How Mother Mary Spends Her Days…
by Kaitlyn Mason
My 3 year old daughter and I were sitting outside in the middle of a bright, sunny, super hot day. We were talking about how nice it was that I’m able to stay home with her and play, and fix her meals, and take care of her each day.
“I get to do those things with you because I’m very blessed that I don’t have to go to work,” I explained.
She thought for a moment. “Yes and my Mother Mary doesn’t have to go to work, either.”
“She doesn’t? What does your Mother Mary do?” I asked.
“Well, she doesn’t work. She just sits and looks at her baby all day.”
“Her baby Jesus?”
“Yes,” said my daughter. “She looks at her baby Jesus all day!”
Now where in the world she got that, I don’t know. I’m not sure it was from this world, actually.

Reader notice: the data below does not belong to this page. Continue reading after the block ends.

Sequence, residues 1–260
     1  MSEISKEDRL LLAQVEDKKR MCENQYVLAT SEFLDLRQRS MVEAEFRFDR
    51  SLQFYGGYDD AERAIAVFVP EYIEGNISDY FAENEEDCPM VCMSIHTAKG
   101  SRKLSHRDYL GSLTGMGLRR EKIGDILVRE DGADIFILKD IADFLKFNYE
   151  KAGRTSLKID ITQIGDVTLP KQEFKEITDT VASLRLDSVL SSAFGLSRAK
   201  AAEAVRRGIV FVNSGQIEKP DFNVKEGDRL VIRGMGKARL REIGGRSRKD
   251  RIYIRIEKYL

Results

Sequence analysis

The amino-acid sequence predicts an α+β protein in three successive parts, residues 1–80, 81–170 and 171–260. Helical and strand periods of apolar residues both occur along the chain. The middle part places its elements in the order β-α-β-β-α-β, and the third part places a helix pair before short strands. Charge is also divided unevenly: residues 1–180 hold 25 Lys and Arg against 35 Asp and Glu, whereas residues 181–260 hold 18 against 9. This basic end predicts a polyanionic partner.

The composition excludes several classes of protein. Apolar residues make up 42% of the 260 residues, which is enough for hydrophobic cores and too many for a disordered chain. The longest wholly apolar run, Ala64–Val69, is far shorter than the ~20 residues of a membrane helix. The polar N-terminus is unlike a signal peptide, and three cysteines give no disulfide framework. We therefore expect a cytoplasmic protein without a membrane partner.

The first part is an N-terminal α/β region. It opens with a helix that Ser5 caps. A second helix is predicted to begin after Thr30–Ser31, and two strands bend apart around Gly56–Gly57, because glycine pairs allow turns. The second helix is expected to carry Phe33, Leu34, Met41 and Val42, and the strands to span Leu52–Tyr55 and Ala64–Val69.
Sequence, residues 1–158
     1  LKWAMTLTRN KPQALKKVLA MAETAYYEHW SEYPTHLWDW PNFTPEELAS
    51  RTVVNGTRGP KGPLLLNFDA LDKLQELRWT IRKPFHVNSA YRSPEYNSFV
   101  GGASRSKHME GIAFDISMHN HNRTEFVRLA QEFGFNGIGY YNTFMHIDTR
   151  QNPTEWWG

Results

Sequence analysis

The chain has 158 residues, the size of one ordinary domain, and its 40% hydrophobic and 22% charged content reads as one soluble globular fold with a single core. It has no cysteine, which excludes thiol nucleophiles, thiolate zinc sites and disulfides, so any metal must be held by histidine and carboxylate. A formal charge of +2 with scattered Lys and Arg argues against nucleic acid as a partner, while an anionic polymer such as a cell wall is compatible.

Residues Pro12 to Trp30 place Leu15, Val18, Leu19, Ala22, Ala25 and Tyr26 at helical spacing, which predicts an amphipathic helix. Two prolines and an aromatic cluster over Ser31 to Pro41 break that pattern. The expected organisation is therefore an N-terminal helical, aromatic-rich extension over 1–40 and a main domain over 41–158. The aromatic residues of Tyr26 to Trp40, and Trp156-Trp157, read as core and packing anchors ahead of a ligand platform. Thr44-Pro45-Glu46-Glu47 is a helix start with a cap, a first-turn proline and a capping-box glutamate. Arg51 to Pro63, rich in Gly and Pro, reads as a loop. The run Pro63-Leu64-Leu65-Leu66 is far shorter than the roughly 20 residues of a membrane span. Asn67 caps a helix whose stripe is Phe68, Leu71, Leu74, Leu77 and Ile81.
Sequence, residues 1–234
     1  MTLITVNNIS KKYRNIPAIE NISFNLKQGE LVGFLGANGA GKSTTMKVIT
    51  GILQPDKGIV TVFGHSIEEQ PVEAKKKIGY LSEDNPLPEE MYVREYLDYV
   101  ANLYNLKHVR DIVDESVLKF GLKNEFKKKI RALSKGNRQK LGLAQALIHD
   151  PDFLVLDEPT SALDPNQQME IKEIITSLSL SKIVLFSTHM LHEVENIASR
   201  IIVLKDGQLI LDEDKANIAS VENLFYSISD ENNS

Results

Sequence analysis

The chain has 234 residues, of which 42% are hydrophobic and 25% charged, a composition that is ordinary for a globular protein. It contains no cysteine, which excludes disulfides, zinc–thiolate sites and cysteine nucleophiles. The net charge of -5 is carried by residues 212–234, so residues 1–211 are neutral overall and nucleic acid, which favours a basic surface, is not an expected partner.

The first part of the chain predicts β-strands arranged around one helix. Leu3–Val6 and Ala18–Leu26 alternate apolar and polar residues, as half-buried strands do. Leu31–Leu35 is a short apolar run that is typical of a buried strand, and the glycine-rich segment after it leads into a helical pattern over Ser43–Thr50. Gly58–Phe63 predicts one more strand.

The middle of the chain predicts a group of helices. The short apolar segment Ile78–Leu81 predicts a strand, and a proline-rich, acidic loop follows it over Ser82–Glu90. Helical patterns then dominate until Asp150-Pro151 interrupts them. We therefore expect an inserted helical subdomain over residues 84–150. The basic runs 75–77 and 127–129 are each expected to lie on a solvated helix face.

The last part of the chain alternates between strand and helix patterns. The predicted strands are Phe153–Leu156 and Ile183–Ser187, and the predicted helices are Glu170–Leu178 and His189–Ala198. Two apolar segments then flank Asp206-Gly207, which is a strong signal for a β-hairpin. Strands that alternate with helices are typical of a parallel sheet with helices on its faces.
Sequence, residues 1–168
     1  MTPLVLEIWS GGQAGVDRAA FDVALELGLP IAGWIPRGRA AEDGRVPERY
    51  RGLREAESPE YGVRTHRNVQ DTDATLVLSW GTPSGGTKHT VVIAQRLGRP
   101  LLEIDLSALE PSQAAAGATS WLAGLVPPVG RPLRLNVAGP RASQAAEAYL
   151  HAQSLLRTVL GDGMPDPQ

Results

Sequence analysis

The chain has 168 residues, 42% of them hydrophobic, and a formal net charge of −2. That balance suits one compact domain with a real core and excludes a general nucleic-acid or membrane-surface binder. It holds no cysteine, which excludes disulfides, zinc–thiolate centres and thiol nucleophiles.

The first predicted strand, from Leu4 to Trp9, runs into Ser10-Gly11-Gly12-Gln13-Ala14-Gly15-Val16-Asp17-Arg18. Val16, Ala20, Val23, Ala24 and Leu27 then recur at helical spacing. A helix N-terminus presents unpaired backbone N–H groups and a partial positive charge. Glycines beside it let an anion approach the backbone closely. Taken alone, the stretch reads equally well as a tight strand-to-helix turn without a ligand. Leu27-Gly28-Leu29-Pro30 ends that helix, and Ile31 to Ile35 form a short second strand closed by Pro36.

But isn’t that what we all should be doing: looking at Mary’s baby all day?
Out of the mouths of babes, right?
I’ve mentioned before that I’m a very visual person. Sometimes I have to see a prayer card to remember to pray for a particular intention. Sometimes I have to see a small statue of Jesus and Mary to remember the worth of my vocation as a Mother. Sometimes I have to see my rosary booklet or I have to look down at my rosary ring to remember that I should take some time and pray.
God knows that we use all of our senses to process information and make decisions throughout our day. So He has given us beautiful images as reminders to contemplate His goodness.
Sometimes I have to see the Divine Mercy image up on my mantle to remember to trust in Jesus throughout my day.
I find myself doing this more and more, looking up as I do the dishes, looking up as I fold laundry, and looking up as I just sit in our living room. Each time, attempting to speak to Jesus from my heart, remembering the words my daughter spoke to me. Remembering that we should look to Jesus all day. We should trust in Jesus all day.
In all of the hard moments and in all of the joyful ones, too. Jesus, I trust in you.
P.S. God is merciful and He loves you so much… pass it on!
Copyright 2016 Kaitlyn Mason